Co-operatives and the Cultural Industries was a round-table discussion organised on 1st of April 2015 by Marisol Sandoval and Jo Littler at Creative Industries Department, City University, London. Four speakers had roughly 20 minutes each to talk about co-ops, followed by time for questions, comments and discussions.
To set the scene for this discussion, it is important to consider the following:
Around 50,000 design and creative arts graduates come onto the labour market each year. They face entering the workforce as part of the new precariat, what Guy Standing has labelled the ‘New Dangerous Class’, which means they are likely to be “relegated to a bits-and-pieces life, in and out of casual flexible jobs, without being able to build an occupational career or identity” (Standing 2011).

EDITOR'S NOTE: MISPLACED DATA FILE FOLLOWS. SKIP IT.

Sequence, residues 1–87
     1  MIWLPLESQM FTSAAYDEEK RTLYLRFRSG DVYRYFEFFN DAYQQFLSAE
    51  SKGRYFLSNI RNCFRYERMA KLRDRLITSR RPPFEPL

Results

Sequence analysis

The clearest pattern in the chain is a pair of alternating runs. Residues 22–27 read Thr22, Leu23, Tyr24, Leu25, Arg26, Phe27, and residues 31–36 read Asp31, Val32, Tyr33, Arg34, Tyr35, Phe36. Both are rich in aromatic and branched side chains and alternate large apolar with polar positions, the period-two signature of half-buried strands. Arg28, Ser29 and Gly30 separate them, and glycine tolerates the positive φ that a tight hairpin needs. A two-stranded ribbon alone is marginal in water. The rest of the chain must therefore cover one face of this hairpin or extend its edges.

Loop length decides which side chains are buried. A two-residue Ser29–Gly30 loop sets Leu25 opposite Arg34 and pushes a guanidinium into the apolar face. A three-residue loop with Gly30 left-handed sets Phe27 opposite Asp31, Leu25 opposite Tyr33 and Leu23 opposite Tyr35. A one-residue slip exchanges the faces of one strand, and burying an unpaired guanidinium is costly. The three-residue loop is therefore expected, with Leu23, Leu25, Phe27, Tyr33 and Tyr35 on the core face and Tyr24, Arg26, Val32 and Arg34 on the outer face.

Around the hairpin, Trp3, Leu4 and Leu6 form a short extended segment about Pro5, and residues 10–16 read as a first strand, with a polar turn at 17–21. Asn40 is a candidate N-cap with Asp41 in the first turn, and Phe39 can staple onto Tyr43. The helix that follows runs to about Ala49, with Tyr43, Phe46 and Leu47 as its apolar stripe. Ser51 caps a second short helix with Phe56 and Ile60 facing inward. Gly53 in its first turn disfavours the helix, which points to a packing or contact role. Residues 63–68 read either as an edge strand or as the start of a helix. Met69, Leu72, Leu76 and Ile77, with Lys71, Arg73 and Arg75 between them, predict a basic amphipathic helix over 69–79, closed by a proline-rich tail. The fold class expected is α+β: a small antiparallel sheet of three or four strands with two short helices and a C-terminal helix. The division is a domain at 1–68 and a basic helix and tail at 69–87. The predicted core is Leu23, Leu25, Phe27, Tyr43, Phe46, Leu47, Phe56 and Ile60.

The four speakers had very different experiences of co-operation as a business practice, but their presentations addressed these problems:
1) Unpaid work and internships are endemic, even axiomatic, in creative and cultural sectors and permanent jobs are hard to come by.
2) Although ‘entrepreneurship’ and business skills are taught as part of creative arts degrees as a matter of course, the co-operative model of business organisation is often marginalised as an option.